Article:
Source of article 2's Company - Magnus Insights.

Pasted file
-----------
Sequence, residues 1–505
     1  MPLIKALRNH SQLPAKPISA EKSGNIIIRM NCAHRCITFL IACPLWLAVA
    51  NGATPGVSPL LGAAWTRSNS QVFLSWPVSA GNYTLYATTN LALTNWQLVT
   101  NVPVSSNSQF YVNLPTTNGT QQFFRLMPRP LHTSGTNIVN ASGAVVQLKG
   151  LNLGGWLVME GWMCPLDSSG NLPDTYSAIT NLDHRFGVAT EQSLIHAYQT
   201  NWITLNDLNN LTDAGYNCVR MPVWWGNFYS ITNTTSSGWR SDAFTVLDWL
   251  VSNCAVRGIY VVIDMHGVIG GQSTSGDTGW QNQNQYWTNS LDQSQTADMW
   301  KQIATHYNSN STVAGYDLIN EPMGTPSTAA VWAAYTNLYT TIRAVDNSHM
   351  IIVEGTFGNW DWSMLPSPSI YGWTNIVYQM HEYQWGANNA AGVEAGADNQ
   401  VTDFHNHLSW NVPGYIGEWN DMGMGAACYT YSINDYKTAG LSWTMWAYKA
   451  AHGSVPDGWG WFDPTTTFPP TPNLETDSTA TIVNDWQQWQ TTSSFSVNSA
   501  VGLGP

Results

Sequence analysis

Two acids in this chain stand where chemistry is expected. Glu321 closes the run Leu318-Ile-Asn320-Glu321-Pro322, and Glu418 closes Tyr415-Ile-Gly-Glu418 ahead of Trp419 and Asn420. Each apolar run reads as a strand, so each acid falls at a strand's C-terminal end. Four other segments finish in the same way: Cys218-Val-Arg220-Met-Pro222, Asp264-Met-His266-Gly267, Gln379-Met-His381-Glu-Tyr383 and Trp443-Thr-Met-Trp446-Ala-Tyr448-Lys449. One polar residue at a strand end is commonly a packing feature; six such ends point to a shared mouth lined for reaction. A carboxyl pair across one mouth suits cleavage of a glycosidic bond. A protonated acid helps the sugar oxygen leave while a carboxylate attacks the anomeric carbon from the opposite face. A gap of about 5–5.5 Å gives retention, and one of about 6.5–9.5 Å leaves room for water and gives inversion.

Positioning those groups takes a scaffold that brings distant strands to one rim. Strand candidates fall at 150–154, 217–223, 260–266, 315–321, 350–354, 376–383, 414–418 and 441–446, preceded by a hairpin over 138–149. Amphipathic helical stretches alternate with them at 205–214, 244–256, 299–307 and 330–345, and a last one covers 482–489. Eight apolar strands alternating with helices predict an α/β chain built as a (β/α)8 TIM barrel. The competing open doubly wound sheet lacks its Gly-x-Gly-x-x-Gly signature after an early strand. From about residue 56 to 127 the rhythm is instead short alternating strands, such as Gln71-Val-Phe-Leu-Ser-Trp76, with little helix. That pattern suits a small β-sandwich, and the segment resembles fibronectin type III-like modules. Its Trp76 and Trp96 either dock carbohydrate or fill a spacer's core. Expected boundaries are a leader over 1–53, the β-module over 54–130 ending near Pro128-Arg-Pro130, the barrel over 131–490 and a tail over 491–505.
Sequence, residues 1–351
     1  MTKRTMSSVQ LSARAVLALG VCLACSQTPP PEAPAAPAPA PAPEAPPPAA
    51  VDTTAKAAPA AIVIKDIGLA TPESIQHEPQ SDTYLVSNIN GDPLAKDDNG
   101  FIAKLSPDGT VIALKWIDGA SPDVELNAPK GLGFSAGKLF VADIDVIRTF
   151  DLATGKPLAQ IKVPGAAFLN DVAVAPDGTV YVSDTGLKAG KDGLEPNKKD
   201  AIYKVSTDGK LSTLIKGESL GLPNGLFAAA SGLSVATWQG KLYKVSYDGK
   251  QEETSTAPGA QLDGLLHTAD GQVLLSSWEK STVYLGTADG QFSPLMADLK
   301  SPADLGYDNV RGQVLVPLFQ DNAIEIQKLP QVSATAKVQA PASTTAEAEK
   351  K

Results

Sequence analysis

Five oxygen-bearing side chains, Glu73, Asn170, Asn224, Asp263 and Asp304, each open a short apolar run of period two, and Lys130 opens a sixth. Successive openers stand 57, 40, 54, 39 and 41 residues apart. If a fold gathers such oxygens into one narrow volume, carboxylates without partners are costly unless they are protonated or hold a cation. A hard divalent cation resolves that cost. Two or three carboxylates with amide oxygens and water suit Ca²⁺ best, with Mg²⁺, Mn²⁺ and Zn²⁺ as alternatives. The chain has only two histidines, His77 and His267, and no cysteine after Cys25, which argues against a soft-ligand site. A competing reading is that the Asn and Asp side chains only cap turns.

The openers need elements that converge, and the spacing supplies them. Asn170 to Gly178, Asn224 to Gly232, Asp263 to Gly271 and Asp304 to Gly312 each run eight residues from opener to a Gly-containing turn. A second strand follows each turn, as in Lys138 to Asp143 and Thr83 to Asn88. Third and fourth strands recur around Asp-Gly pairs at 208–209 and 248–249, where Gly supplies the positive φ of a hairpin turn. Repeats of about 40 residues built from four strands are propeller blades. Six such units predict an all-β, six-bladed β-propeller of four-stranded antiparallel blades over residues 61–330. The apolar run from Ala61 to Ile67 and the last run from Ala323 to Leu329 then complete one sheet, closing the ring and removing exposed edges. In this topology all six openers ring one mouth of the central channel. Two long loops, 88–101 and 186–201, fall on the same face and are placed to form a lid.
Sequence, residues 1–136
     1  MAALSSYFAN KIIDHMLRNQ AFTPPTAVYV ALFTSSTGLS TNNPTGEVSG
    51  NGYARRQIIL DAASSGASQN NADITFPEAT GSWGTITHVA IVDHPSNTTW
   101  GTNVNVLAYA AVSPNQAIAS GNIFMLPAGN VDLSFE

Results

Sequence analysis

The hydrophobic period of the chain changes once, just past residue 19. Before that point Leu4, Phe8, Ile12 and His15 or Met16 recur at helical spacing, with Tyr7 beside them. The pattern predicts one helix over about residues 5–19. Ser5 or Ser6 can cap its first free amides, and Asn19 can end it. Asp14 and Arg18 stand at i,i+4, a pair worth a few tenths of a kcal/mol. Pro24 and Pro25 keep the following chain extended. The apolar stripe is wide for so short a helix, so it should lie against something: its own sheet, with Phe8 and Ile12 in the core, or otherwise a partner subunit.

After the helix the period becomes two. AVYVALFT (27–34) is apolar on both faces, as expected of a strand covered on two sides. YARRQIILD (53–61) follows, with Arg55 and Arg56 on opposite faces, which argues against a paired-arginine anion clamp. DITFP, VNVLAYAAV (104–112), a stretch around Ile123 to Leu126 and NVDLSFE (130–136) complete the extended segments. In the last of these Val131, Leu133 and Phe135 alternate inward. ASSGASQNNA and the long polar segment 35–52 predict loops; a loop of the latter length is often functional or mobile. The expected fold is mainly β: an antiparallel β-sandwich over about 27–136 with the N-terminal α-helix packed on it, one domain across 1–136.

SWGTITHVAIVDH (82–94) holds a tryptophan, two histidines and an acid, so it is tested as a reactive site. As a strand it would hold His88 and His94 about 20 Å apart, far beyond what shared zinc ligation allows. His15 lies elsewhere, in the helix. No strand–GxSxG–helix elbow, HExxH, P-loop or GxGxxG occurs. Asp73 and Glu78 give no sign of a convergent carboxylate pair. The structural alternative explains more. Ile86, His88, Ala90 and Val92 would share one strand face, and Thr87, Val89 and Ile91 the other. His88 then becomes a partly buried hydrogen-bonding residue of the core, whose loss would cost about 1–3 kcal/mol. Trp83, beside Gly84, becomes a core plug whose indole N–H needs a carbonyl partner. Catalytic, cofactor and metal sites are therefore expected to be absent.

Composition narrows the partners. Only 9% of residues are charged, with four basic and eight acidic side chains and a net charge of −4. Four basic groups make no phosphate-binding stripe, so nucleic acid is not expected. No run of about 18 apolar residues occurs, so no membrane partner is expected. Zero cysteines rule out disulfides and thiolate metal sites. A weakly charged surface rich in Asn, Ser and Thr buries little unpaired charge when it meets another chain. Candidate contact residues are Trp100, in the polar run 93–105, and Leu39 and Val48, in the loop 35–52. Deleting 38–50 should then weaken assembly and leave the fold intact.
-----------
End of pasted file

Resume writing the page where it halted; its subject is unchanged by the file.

I remember that I first heard “If all else fails, read the directions” from my Dad, decades ago. He really didn’t operate that way, but the point was, if you can’t figure it out on your own, the directions might help. (Not always – I wonder who writes some of them!) Anyway, this year has been a year when I’ve observed this from another angle, and though I’ve mentioned something along this line in prior posts, I want to revisit the idea. This has a been a year when I’ve observed, “If all else fails, call the trial consultant.” That is, “When we could not get the case settled, call for help, because (horrors) we might actually have to try the case.” At one level I get it; clients don’t want to spend an extra dime and as we know, most cases settle. In fact, most cases on which we do mock jury research settle. But, it concerns me that I’m seeing the trend to the “if all else fails” mindset. This is because I know, despite the issue of spending money, that the kind of research we do as trial consultants results in better outcomes, whether in a settlement or trial. And, I also know that calling a trial consultant a mere 2 to 4 weeks prior to trial is not optimal. Because of the time required to get the project set up, recruit the mock jurors, etc., sometimes there is not enough time available, and that is assuming the consultant’s schedule is wide open. We have had to decline 2 cases this year because the attorneys called too late. In a few other situations, we’ve pulled things together and completed the project, and, while the research was successful, and the results helpful to all involved, it could have been more helpful had it been conducted sooner. I will always remember the client who told me “You should have made me do the research sooner.” I wish I knew how to do that, that is, how to make people hire us before all else has failed.